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For CLSC, Marie Benedict, Victoria Christopher Murray to share story of unlikely ‘First’ friendship

Marie Benedict (left) and Victoria Christopher Murray (right)

When collaborating on The First Ladies: A Novel, authors Marie Benedict and Victoria Christopher Murray realized they were writing a story that was much bigger than they thought. 

Based on the true, unlikely friendship between civil rights activist Mary McLeod Bethune, often referred to as “the First Lady of Struggle,” and Eleanor Roosevelt, the First Lady of the United States, The First Ladies is a story of friendship, tragedy, and triumph. It is the Week One selection for the Chautauqua Literary and Scientific Circle, aligned with the theme of “The Evolution of the Modern Presidency” and the vertical CLSC theme of “Legacy,” and Benedict and Murray will read from and discuss their book at 3:30 p.m. today in the Hall of Philosophy.

Murray and Benedict both have extensive careers on their own. Murray is the author of 30 books, including two New York Times bestsellers The Personal Librarian and now, The First Ladies. Both were co-authored with Benedict, the pen name of writer Heather Terrell, whose historical fiction centering real or imagined women from the past include Carnegie’s Maid and Lady Clementine

While conducting their research for The First Ladies, Benedict and Murray found that there was very little left behind from women’s friendship; a few letters, some records of the time they worked together, some observations, and a few images. In order to fill the gaps, Murray and Benedict said they pulled from their own modern-day friendship.

“A lot of the details you have to fill in, and we kind of said, ‘Well, how would we feel about that situation?,’” said Benedict.

During Franklin D. Roosevelt’s first term, Bethune and Roosevelt became friends, grew inseparable and against all criticism and hatred, worked together to fight for the rights of Black Americans.

Murray said their goal in writing The First Ladies was to accurately portray the dynamics of friendship and the views white people may have about their Black friends — and vice versa. She wanted to create a friendship on the page that sent the message: “You don’t have to assume, you don’t have to think for me. You don’t have to walk in front of me, walk beside me.”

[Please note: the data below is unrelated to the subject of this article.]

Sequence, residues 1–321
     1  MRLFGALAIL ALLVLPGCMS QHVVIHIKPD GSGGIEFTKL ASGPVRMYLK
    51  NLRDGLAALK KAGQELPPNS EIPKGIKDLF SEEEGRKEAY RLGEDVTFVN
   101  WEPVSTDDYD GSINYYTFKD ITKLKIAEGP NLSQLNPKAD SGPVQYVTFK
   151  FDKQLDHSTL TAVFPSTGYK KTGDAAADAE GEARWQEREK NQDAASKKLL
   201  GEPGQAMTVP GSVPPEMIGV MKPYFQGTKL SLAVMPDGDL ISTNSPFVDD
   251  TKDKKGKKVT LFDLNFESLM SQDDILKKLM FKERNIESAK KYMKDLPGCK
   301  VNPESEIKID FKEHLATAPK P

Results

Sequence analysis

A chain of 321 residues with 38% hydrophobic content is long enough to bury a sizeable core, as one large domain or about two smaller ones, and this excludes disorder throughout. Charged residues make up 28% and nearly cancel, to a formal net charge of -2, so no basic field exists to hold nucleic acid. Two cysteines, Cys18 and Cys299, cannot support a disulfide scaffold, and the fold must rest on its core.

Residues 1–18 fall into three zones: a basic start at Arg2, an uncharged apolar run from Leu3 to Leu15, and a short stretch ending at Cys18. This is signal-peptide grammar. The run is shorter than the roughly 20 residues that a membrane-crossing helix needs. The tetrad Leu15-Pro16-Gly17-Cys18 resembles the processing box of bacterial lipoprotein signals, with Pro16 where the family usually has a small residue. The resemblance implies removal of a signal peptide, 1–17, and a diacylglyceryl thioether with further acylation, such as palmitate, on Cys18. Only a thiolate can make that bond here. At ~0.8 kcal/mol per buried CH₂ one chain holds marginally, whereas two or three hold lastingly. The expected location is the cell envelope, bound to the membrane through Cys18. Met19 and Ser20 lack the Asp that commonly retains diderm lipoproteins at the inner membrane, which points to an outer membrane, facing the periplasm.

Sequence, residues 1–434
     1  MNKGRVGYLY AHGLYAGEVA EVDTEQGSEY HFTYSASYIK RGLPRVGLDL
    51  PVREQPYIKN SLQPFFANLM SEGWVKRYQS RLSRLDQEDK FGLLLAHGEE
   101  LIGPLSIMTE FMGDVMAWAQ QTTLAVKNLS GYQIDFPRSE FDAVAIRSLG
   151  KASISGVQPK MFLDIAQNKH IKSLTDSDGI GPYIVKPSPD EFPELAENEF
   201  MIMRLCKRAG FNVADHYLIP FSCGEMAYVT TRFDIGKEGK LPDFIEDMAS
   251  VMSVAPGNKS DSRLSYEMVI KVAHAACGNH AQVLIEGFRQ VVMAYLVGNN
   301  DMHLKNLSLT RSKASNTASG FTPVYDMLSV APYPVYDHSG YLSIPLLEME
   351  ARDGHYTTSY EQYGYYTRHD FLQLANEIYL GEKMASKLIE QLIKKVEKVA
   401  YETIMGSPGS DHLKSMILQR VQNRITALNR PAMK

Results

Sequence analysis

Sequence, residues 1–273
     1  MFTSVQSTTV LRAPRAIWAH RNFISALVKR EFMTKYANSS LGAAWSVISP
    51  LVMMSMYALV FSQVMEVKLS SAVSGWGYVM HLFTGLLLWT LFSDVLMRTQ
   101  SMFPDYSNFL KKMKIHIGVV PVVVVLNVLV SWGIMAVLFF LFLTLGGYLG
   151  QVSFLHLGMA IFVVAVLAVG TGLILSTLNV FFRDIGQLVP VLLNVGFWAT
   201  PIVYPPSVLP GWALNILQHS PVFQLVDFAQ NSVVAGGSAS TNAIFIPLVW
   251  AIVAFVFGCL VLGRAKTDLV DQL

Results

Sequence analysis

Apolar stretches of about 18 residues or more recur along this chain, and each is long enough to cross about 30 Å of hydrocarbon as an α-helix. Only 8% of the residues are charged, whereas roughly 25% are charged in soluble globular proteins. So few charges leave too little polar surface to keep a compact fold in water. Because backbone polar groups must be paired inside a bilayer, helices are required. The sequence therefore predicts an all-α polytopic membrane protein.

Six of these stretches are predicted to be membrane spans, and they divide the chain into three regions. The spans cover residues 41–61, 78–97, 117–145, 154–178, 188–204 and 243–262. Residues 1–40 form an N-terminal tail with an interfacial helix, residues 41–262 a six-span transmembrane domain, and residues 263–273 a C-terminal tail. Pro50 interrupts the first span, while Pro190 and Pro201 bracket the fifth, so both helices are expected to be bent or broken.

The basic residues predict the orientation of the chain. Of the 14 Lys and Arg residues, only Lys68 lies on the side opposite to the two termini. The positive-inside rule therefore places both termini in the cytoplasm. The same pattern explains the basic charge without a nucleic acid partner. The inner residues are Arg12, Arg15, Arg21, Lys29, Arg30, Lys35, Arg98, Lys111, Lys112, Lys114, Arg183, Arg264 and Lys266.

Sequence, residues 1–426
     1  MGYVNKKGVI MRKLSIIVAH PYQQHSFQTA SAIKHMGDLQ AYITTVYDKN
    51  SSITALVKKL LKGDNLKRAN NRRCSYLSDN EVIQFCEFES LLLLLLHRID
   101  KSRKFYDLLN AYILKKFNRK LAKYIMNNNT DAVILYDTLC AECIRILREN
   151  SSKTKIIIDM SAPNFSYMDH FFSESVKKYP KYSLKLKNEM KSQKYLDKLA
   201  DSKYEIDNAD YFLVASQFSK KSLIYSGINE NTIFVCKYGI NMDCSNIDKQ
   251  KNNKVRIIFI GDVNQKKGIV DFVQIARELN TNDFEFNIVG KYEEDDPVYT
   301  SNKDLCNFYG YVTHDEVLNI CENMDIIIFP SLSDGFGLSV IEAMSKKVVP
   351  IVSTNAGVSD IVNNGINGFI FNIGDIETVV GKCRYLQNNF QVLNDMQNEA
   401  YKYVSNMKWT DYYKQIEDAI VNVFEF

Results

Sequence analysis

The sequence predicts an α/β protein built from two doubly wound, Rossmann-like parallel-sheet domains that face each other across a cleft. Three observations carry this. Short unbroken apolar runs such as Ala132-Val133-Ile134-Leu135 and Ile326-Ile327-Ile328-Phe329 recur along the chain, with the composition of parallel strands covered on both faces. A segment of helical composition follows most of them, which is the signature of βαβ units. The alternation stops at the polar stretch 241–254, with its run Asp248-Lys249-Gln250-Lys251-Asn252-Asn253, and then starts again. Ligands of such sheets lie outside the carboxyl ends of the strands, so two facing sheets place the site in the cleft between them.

With Bethune’s and Roosevelt’s friendship, the “movement for people of color became more than just a talking point,” because of the people behind that work — like Bethune — and “the work they were doing to teach people like Eleanor Roosevelt how to successfully lobby for them,” said Manager of Literary Arts Stephine Hunt.

Bethune is much better known in the Black community, said Benedict, but “that’s not true (among) a lot of white readers. She is absolutely someone who needs to be known and studied. I want everyone to celebrate Mary McLeud Bethune. … This lady’s story needs to be taught in every classroom.”

During their presentation, Benedict and Murray hope to address how they navigate the line in their writing between fact and fiction, and how to work through difficult conversations.

“We want people to walk away after seeing us together, knowing that we can have these genuine kinds of friendship. (Benedict) is truly my sister,” said Murray. “She’s one of the dearest people in my life. I can talk to her about anything, especially race.”

Tags : Carnegie’s MaidChautauqua Literary and Scientific Circlecivil rights activistCLSCEleanor RooseveltLady ClementineMarie BenedictMary McLeod BethuneNew York Times bestsellerThe Evolution of the Modern PresidencyThe First Ladies: A Novelthe First Lady of StruggleThe Personal LibrarianVictoria Christopher Murray
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The author Sabine Obermoller